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The case of point particles, relativistic or not, can be treated as a field theory in general, ie for the $(1+1)$-dimensional case this is the theory of a field theory on the vector bundle

$$\pi : \mathbb{R}^2 \to \mathbb{R} $$

with $x(t)$ a section of that bundle. I thought therefore to look at the set of transformations on such a field via the automorphisms $\text{Aut}(\mathbb{R}^2)$ that respect the structures here. As far as I can tell (and with some help from @mikemiller), the automorphisms on this bundle are

$$\Phi(t, x) = (\alpha(t), \Lambda(t) \cdot x)$$

with $\alpha(t)$ a diffeomorphism on the base manifold and $\Lambda(t)$ a time-dependent linear transformation ($\Lambda(t) \in \text{GL}(\mathbb{R})$) on the fiber. This preserves the manifold, bundle and vector space structure of our vector bundle.

Applying it to the usual action, ie

$$\int_{t_a}^{t_b} \dot{x}^2(t) dt$$

It's not too hard to show that the action is invariant under the action of the base space diffeomorphism (it's just reparametrization invariance), and $\Lambda(t) = \pm 1$ (this is just $\text{O}(1)$). On the other hand, translation invariance seems notably absent. Even trying to fiddle with $\Lambda(t)$ to turn it into a translation it's obviously not going to work because for a start $\Lambda(t)$ can't be $0$ to remain invertible. If we look at the automorphisms on just the manifold $\mathbb{R}^2$,

$$\Phi(t,x) = (\alpha(x,t), \beta(x,t))$$

We can see that we had to sacrifice this possibility to preserve the rescaling of the vector space, ie, $(t, \beta(\lambda x)) = (t, \lambda \beta(x))$.

Is it normal that we cannot get translation invariance out of such a formulation of the theory? Should it normally be so, or can we get it back by sacrificing the preservation of the vector space slightly, or would that bring itself unfortunate consequences? Are we supposed to use an affine bundle instead, perhaps.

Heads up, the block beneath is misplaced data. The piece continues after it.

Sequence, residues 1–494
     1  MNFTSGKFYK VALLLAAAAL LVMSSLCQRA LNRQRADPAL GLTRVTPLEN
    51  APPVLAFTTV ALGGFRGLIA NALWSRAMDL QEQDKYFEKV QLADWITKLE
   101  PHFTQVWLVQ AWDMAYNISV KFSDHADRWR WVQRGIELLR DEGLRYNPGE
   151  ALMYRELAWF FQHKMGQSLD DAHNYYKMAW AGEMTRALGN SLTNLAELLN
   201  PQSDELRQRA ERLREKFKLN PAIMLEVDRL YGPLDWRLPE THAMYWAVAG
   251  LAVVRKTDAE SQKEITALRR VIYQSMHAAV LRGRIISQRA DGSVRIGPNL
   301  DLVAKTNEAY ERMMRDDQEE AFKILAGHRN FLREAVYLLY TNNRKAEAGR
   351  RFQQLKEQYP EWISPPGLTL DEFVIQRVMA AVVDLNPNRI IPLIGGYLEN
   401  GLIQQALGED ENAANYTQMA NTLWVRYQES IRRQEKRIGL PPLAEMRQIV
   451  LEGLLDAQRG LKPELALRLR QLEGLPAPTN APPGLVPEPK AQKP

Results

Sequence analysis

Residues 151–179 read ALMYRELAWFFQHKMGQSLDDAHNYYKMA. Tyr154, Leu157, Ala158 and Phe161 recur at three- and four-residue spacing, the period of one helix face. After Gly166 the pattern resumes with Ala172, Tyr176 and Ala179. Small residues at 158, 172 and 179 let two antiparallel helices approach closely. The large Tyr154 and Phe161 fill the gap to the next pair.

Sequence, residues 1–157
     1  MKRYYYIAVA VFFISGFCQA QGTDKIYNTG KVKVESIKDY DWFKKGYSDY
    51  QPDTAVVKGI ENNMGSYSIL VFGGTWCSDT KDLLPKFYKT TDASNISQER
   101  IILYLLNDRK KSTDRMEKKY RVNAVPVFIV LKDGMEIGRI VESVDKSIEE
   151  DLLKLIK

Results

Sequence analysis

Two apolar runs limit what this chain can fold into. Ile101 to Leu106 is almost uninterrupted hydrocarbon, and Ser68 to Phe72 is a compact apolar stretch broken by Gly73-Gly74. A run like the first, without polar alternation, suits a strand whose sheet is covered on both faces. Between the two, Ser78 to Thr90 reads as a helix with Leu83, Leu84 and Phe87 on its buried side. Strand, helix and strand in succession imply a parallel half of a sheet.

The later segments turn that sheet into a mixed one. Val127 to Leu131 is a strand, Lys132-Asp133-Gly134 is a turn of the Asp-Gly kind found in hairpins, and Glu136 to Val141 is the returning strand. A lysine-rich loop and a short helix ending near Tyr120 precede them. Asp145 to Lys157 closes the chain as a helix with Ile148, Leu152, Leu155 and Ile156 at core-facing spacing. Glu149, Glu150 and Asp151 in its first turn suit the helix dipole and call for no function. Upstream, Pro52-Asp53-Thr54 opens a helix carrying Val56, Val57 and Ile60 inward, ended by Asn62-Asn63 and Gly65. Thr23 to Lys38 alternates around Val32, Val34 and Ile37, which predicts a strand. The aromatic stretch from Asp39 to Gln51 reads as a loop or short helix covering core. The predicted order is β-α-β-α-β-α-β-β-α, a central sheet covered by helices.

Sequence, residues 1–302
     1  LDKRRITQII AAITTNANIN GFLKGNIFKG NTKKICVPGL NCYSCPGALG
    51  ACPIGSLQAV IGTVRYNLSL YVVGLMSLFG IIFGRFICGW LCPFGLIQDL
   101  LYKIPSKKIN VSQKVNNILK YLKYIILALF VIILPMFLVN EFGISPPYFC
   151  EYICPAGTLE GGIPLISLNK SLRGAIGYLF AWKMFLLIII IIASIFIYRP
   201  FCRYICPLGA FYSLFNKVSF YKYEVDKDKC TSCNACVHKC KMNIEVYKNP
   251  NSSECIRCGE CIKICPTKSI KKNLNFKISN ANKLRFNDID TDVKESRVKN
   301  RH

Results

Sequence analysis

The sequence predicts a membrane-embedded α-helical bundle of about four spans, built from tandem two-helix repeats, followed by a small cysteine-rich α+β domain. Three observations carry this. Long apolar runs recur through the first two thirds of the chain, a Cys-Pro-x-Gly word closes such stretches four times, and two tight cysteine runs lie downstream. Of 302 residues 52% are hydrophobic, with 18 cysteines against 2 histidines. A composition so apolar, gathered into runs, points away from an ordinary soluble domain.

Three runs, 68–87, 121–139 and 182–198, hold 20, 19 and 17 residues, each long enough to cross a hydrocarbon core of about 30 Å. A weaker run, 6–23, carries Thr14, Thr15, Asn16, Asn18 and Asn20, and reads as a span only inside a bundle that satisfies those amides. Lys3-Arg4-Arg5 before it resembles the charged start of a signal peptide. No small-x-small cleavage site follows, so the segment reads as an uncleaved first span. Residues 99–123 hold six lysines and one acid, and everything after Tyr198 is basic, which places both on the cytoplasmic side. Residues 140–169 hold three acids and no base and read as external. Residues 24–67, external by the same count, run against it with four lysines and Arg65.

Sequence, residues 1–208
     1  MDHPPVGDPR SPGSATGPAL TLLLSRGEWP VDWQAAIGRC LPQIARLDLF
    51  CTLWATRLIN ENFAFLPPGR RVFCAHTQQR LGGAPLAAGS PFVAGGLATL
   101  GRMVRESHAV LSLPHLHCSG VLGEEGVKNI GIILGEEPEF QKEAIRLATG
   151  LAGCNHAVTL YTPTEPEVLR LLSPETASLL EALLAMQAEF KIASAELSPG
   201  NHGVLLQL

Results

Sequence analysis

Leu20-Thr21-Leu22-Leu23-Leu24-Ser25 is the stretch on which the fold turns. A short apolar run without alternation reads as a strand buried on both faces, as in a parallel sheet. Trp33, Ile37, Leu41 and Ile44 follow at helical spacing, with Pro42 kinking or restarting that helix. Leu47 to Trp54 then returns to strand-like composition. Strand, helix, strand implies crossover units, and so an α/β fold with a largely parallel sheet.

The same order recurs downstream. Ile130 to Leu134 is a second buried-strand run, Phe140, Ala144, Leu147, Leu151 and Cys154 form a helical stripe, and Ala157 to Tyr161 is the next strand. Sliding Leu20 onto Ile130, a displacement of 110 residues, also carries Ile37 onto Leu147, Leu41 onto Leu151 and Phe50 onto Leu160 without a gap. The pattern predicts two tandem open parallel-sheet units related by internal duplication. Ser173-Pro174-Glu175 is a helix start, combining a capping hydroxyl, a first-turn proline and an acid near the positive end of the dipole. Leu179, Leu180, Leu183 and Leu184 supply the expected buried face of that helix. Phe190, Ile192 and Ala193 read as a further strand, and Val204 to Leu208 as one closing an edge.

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    $\begingroup$ Your problem is the assumption that the configuration bundle is a vector bundle. In general the configuration space $Q$ is a manifold and the configuration bundle $\mathbb R\times Q\rightarrow\mathbb R$ is a general fibre bundle without structure group. $\endgroup$ – Bence Racskó Sep 3 '19 at 13:21
  • $\begingroup$ @BenceRacskó Should I drop all linearity and also allow non-linear transformations? $\endgroup$ – Slereah Sep 3 '19 at 16:15
  • $\begingroup$ A name for the field theory you are describing is “sigma-model” (or $\sigma$-model), this should help with literature search (see eg. here). $\endgroup$ – A.V.S. Sep 3 '19 at 16:40
  • $\begingroup$ A nonlinear transformation in this case corresponds to a (in general, time-dependent) diffeomorphism of configuration space, which is allowed in Lagrangian mechanics. So basically, yes. $\endgroup$ – Bence Racskó Sep 3 '19 at 19:53
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Is it not obvious that $x(t) \mapsto x(t)+a$, with $t$ independent $a$, leaves the action invariant? And is this not translation invariance?

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  • $\begingroup$ It does indeed. The point is more that it doesn't seem to be contained in $\text{Aut}(E)$, if considered as a vector bundle. From investigations into the usual EM gauge connection, ie with gauge $A \to A + d\alpha$, it does seem that considering it as an affine bundle might be the solution. $\endgroup$ – Slereah Sep 3 '19 at 12:29
  • $\begingroup$ I think you are vastly over-mathematicising something simple, and bundles are just not the appropriate language. As @A.V.S says a simple sigma model of maps $x:{\mathbb R}\to {\mathbb R}^N$ describes motion of a particle in ${\mathbb R}^N$ $\endgroup$ – mike stone Sep 3 '19 at 22:14
  • $\begingroup$ Well the point was to use a simple example here as a basis, to possibly apply it to more complex theories later on $\endgroup$ – Slereah Sep 3 '19 at 22:15

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